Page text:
The Community Bank of the Chesapeake Lecture
At a time when Christianity appeared to be dying out and the Ottoman Empire was aggressively expanding, a young princess was born into obscurity in a remote village in the weak and splintered kingdom of Castile.
Inspired in her youth by tales of Joan of Arc, she grew into a devout young mother who seized the throne, unified her people, led them to victory on the battlefield and paved the way for Spain to become, in the 16th century, the largest and most far-flung empire the world had ever known.
One of the most significant monarchs of all time, her controversial legacy survives in the 500 million people who speak Spanish as their first language and the 1.3 million who practice Catholicism.
Isabella’s pivotal and strategic role would become immortalized in the popular game of chess, where her long journeys across Spain's vast plains and mountains made her the model for the most important player in the game--the queen.
Half-Portuguese through her mother and the great-niece of the Prince Henry the Navigator, Isabella sponsored nine separate expeditions to the New World, including the four most famous by Italian navigator Christopher Columbus. By the time she died in 1504, the coastline of the Americas had been mapped and the continent's wealth poured riches into the coffers of her descendants, the Hapsburgs, who used the money to gain control of much of Europe.
She also annihilated those who didn’t share her fervent Catholicism by requiring religious homogeneity, establishing a bloody inquisition against non-believers that would darken Spain's reputation for centuries.
Its injustices would help inspire a movement to ensure tolerance of all faith traditions, a revolutionary principle proposed as law by Thomas Jefferson in Fredericksburg in 1777. It ultimately became enshrined in the United States as the First Amendment guarantee of religious freedom.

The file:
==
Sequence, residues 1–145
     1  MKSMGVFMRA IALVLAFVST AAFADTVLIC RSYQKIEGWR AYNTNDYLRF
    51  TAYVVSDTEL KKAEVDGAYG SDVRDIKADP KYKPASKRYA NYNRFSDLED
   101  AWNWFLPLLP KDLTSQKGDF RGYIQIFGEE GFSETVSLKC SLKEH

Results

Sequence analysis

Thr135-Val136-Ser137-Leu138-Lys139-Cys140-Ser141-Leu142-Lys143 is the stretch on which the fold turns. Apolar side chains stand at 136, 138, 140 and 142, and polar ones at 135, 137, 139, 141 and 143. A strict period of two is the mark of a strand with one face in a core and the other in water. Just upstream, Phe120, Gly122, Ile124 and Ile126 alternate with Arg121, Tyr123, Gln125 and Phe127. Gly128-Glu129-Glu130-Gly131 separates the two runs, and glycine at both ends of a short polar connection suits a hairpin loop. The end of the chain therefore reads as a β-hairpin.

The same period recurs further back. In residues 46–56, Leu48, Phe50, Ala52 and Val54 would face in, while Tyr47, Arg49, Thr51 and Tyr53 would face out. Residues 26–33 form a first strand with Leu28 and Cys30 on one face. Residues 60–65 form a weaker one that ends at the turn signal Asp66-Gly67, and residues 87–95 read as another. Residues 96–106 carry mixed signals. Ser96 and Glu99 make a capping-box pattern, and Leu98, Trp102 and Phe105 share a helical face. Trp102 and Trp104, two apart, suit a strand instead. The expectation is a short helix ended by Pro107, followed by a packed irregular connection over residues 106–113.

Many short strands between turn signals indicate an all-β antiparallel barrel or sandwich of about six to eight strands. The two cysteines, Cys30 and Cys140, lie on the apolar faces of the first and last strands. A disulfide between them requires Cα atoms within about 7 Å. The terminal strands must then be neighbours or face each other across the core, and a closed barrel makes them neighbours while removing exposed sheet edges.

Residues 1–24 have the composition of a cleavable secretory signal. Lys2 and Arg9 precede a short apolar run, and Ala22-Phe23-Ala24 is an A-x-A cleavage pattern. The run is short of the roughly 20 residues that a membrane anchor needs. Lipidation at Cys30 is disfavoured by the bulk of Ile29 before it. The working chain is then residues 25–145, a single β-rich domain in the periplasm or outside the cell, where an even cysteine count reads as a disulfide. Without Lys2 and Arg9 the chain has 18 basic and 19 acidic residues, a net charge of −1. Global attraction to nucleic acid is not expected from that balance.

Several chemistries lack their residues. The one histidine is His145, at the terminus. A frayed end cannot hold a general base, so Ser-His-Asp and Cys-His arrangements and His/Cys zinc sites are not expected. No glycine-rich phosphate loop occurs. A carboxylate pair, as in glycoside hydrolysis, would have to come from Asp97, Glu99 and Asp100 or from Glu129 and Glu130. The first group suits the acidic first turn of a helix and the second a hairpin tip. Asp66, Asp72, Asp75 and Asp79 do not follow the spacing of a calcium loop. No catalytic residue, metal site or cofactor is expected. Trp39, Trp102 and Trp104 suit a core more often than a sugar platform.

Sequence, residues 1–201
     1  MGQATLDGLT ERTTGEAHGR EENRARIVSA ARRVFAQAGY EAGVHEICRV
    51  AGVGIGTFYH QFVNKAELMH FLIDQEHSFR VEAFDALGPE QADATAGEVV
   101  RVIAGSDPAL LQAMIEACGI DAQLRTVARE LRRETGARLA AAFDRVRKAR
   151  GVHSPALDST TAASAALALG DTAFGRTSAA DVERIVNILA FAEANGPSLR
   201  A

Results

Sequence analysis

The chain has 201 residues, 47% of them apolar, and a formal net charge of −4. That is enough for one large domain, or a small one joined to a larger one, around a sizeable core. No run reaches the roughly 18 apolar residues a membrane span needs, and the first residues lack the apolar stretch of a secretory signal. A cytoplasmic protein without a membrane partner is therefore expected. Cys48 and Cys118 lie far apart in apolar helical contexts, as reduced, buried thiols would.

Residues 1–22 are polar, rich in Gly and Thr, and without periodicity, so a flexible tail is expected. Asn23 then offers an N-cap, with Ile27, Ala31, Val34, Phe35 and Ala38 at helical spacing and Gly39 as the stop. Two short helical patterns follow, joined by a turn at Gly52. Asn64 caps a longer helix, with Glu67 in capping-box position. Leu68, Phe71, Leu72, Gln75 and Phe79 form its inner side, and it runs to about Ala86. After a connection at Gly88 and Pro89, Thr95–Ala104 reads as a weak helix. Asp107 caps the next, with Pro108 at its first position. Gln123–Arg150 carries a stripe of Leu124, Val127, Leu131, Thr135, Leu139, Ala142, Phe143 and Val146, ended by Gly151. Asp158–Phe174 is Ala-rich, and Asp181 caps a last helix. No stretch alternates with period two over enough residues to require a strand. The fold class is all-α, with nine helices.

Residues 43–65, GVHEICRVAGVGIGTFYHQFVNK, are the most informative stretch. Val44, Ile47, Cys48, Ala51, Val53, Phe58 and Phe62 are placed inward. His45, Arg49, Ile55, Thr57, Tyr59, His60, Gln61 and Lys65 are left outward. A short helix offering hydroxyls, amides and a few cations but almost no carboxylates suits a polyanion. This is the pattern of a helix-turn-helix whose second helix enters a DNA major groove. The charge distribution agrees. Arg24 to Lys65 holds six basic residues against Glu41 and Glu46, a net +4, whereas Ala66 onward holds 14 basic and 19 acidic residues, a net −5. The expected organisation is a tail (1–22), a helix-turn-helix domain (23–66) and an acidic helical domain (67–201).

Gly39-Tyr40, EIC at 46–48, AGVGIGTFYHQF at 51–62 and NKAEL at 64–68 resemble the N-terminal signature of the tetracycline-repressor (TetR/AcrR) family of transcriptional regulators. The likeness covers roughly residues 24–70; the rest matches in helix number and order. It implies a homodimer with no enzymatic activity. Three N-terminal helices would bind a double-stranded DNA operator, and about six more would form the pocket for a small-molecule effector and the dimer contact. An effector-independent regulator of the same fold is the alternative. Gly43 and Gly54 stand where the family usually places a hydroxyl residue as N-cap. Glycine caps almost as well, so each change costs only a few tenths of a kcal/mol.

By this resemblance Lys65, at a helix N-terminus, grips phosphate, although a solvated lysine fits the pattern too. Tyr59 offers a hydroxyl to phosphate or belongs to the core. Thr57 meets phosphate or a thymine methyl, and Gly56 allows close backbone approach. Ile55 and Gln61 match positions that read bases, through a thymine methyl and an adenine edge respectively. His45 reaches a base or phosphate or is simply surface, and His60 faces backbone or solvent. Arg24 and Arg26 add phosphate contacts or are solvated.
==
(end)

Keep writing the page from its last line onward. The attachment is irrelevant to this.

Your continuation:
Further Reading Resource List provided by CRRL
Speaker: Kirstin Downey
Kirstin Downey is the oldest daughter of a ship captain and spent much of her childhood moving from place to place, including Hawaii and the Panama Canal Zone, developing a fascination with global trade and international economics. She studied journalism at Pennsylvania State University and then wrote for newspapers in Florida and Colorado before joining the staff of the San Jose Mercury, covering business in Silicon Valley.
She became a staff writer for the Washington Post in 1988. In 2000, Downey was awarded a Nieman fellowship at Harvard University, where she studied American economic history at Harvard Business School and participated in the Harvard Trade Union Program, where young labor activists are trained to become leaders in the movement. The fellowship also gave Downey the opportunity to focus full-time on research for her book about Frances Perkins.
In 2008, Downey shared in the Pulitzer Prize awarded to the Washington Post staff for coverage of the campus slayings at Virginia Tech. She left the Washington Post in 2009 to focus on finishing her biography of Frances Perkins, The Woman Behind the New Deal: The Life of Frances Perkins, FDR’s Secretary of Labor and His Moral Conscience, published by Nan A. Talese/Doubleday.
She researched and wrote Isabella the Warrior Queen between 2009 and 2014. It was published on October 28, 2014.
Downey is married to Neil Warner Averitt, and together they have five children.